A key strength of our study is the use of the UK CF Registry, which has almost complete coverage of the UK population. Our prediction models for hospital-IV-days and home-IV-days were well calibrated and produced unbiased internally valid predictions. We evaluated two approaches to imposing the potential impacts of TEZ/IVA and ELEX/TEZ/IVA based on primary and secondary RCT outcomes, and estimated that the introduction of ELEX/TEZ/IVA is expected to result in a significant reduction in the total population requirement for IV antibiotics (combined-IV-days) of 16.1% using approach 1 (from ~110 600 to~92 800 days) and 43.6% using approach 2 (from ~90 500 to~43 600 days). These reductions were in addition to estimated benefits derived from starting TEZ/IVA within its licenced indication.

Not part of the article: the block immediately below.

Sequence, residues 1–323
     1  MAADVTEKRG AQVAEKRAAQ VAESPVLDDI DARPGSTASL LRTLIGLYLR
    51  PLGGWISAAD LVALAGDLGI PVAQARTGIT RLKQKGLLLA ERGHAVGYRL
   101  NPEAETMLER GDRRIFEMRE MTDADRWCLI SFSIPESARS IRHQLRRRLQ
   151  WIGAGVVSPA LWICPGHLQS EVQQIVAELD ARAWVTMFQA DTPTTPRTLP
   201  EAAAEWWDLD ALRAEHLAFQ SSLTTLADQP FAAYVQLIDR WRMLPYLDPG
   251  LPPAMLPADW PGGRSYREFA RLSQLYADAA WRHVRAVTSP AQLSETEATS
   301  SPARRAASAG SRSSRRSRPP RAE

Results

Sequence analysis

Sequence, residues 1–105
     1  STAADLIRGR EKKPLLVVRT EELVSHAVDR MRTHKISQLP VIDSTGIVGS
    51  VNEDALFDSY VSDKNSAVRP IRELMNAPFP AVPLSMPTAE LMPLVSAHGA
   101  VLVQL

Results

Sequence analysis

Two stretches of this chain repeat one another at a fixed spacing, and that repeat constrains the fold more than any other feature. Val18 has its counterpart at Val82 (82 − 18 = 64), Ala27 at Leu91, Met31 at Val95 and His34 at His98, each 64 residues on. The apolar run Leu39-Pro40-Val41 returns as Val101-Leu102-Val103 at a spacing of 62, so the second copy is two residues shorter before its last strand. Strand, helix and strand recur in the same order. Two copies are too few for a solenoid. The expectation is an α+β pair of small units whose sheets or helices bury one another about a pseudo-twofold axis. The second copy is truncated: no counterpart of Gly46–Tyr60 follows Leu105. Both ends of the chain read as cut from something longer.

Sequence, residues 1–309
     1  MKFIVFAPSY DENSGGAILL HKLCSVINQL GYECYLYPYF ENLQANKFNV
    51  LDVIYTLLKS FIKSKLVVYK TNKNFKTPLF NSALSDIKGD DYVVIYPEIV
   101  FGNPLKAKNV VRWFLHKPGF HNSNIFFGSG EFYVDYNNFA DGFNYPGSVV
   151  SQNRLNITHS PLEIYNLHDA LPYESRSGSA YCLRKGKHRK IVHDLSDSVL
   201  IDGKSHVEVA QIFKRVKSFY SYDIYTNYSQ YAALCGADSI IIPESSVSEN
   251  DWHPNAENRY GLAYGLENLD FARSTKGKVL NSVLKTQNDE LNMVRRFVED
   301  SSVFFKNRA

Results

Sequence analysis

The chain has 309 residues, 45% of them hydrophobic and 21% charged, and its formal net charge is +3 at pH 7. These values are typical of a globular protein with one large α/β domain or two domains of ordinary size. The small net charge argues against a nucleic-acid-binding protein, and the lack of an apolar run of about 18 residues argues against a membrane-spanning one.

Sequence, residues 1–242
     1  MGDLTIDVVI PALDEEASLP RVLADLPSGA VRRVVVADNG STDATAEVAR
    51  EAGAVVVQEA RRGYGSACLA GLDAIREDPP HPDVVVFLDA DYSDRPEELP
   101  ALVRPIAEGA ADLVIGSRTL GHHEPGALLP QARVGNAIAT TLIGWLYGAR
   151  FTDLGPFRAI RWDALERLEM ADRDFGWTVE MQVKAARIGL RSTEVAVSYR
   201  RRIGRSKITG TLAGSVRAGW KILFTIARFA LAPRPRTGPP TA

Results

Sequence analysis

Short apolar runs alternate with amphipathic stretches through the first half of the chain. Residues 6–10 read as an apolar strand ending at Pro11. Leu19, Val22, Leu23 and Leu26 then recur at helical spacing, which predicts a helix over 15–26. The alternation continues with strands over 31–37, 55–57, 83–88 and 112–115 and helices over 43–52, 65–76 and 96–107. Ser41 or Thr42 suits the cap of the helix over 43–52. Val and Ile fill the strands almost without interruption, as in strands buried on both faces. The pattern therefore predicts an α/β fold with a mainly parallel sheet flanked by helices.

The advantage of approach 1 is that it is based on primary outcome RCT data. It assumes that the treatment effects on IV antibiotic days are mediated entirely through their effect on FEV1%, and that our model accurately captures these causal effects through adjustments for potential confounders. When considering what predictor variables to include in the model, we had to consider the fact that we then wanted to use the model to obtain predictions under modified values for FEV1%. Therefore, our considerations for the predictor variables to include were different from a standard prediction context (where the sole aim is to achieve good predictive performance)—we needed the coefficient for FEV1% in the prediction model to have a causal interpretation in order to apply approach 1. This approach might underestimate the effect of ELEX/TEZ/IVA on IV antibiotic days if the treatment has effects on reducing IV antibiotic days that are not mediated directly via FEV1%, or that are not captured by considering FEV1% measured on a single occasion. While we adjusted for past FEV1%, on the basis that it is likely to be a confounder, the high correlation between past and baseline FEV1% could also have resulted in the baseline FEV1% effect being underestimated. Increased understanding of the mechanisms through which CFTR modulators impact on pulmonary exacerbation rates would provide information about as yet incompletely understood wider treatment benefits that might positively impact on needs for IV antibiotics, and would enable further refinements to be made to our projections. Secondary analyses of RCT data could be used to investigate the extent to which the effect of treatment on exacerbations is mediated through its effect on FEV1%.